Women and African Americans are less influential when they express anger during group decision making

Jessica M. Salerno, Liana C. Peter-Hagene, Alexander C.V. Jay

Research output: Contribution to journalArticlepeer-review

32 Scopus citations


Expressing anger can signal that someone is certain and competent, thereby increasing their social influence—but does this strategy work for everyone? After assessing gender- and race-based emotion stereotypes (Study 1), we assessed the effect of expressing anger on social influence during group decision making as a function of gender (Studies 2–3) and race (Study 3). Participants took part in a computerized mock jury decision-making task, during which they read scripted comments ostensibly from other jurors. A “holdout” juror always disagreed with the participant and four other confederate group members. We predicted that the contextual factor of who expressed emotion would trump what was expressed in determining whether anger is a useful persuasion strategy. People perceived all holdouts expressing anger as more emotional than holdouts who expressed identical arguments without anger. Yet holdouts who expressed anger (versus no anger) were less effective and influential when they were female (but not male, Study 2) or Black (but not White, Study 3)—despite having expressed identical arguments and anger. Although anger expression made participants perceive the holdouts as more emotional regardless of race and gender, being perceived as more emotional was selectively used to discredit women and African Americans. These diverging consequences of anger expression have implications for societally important group decisions, including life-and-death decisions made by juries.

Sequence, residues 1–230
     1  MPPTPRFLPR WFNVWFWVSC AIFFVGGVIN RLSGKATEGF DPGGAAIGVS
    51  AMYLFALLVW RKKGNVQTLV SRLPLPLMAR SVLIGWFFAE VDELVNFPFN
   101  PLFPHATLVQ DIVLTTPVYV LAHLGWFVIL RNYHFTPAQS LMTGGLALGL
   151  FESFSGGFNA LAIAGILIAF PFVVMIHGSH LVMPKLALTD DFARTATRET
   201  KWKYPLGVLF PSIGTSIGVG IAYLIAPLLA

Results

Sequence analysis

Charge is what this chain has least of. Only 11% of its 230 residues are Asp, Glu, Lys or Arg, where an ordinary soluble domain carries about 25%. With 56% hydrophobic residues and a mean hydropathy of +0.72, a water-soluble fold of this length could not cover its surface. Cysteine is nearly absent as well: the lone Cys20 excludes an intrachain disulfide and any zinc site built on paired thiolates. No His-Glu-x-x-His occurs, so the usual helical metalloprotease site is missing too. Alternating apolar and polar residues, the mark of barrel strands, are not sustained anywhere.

Original languageEnglish (US)
Pages (from-to)57-79
Number of pages23
JournalGroup Processes and Intergroup Relations
Issue number1
StatePublished - Jan 1 2019


  • anger
  • discrimination
  • emotion
  • gender
  • jury decision making
  • minority influence
  • persuasion
  • race
  • social influence
  • stereotyping

ASJC Scopus subject areas

  • Social Psychology
  • Cultural Studies
  • Communication
  • Arts and Humanities (miscellaneous)
  • Sociology and Political Science


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